Handpan : Generic term for a hand-played pitched percussion instrument crafted from steel with notes on the top surface.
Hang : Trademarked name of the original sound sculpture invented by PANArt.
Hang Drum : Common term for Hang and handpans.
PANArt : Original manufacturer of the Hang.
Pantam : Other generic term used for handpan instrument. This term comes from an Israeli music store owner and is a combination of the words ‘Steelpan’ and ‘Ghatam’.
Sound Sculpture : Generic term used for handpan or similar instrument.
Tongue Drum: Metal percussion instrument with cut out tongue-shapes that produce sound when struck. Tongue drums are made from steel, though their predecessors were also made from wood.
Gudu : Gudu refers to a handpan that has two openings on the bottom shell, one typically smaller than the other. The name comes from its constructional similarity to the Udu.
DC04 : Common grade of steel used to manufacture handpans.
Raw/Regular steel : One the different steels used in handpan shell construction.
Nitriding : Process used to harden steel by diffusing molecular nitrogen into the steel matrix. It also creates a thin layer on the surface useful for fighting rust formation, tuning stability and sustain.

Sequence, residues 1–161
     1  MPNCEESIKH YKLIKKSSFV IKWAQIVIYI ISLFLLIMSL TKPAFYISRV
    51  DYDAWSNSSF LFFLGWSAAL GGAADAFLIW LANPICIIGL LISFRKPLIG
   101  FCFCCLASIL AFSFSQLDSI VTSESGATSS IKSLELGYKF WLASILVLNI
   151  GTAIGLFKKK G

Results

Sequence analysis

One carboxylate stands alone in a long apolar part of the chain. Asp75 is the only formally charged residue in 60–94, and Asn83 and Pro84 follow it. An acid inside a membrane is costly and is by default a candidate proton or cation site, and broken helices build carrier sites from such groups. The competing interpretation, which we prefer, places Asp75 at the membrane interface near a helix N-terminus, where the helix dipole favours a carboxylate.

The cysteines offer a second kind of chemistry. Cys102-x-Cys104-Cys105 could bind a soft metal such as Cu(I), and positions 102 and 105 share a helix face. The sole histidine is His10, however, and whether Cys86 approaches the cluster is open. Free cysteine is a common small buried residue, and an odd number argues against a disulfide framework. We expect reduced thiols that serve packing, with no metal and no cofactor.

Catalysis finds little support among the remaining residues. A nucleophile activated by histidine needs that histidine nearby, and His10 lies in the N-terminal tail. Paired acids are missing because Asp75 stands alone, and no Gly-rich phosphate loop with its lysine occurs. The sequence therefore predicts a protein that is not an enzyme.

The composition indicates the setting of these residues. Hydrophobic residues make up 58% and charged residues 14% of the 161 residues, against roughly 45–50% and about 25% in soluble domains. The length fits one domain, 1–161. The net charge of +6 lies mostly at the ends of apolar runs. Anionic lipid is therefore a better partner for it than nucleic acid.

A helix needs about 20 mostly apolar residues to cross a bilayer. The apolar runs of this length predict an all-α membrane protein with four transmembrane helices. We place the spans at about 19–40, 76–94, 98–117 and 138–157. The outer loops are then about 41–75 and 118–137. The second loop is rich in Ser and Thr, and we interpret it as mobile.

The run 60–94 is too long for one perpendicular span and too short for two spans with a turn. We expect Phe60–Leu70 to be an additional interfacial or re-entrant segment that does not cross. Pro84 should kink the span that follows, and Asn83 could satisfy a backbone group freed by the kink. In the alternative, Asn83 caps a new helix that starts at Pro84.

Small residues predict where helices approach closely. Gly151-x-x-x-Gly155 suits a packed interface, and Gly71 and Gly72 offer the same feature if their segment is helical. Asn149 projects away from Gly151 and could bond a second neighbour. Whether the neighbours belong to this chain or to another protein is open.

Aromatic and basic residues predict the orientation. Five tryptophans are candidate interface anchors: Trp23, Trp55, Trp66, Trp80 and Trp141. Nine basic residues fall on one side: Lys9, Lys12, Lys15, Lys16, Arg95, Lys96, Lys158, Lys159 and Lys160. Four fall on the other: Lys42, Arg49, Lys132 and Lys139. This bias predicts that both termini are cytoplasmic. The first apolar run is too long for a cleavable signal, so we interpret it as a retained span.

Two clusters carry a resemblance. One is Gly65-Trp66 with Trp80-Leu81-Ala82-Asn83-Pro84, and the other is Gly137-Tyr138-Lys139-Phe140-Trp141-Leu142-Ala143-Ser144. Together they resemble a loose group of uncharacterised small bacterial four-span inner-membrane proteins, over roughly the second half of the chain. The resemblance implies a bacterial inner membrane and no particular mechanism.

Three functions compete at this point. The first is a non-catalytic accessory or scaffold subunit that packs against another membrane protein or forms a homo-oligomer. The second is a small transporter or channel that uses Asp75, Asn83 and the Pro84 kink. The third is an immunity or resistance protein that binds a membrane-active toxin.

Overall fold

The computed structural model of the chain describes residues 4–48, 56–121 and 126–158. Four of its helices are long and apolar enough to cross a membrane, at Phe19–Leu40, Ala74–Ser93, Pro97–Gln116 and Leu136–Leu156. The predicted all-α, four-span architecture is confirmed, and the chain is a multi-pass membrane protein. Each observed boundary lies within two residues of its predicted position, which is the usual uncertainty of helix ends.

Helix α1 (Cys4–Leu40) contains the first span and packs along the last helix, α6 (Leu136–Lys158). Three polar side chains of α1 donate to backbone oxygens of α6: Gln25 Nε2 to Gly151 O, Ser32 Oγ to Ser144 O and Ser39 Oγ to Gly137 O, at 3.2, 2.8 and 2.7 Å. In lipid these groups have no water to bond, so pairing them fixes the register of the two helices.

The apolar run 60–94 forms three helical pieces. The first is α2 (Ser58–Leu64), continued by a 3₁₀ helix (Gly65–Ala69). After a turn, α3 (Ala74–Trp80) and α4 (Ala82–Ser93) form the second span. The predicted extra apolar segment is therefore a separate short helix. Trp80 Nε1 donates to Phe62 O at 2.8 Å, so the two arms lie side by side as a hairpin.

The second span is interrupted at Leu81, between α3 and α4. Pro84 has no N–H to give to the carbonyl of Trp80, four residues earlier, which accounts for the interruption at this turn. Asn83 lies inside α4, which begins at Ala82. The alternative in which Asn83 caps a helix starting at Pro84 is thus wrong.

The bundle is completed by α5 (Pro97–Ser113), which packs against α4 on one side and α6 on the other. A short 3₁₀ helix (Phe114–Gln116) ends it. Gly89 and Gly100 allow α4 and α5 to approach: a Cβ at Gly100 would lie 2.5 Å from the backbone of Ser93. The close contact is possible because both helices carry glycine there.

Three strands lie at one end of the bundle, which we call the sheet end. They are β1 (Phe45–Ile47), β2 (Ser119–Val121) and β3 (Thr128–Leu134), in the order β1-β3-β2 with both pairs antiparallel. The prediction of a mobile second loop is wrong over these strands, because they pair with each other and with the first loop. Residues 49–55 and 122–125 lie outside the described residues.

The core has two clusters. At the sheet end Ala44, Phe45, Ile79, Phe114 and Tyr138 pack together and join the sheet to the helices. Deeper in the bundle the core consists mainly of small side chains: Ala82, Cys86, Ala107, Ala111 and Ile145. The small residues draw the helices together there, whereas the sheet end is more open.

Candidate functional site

Pang : Term used by PANArt to describe thoroughly nitrided steel with specific mechanical properties.
Stainless steel : Used in handpan shell construction. Stainless steel handpans often involve a chromium or titanium alloy particularly resistant to air and water and less liable to rust.
Shell : A handpan is made up of two shells. The top shell (Ding shell) and the bottom shell (Gu shell) are glued together at their rims.
Bottom shell / Gu shell : Metal dome that forms the bottom of the handpan. It contains the sound hole (Gu) and it is becoming popular to add notes on this bottom part. .
Gu : Circular opening in the bottom of handpan instruments. The Gu allows air to escape, and activate the Helmholtz resonance. Gu also helps makers to tune the handpan from the inside.
Port : Generic term for the Gu.
Top shell / Ding side : Contains the central Ding and most of the notes of a handpan.
Ding : Center note on the top of a handpan which can be concave or convex in shape. It is the lowest note on the instrument and the root note of the handpan scale.
Innie : A ding that is shaped inwards.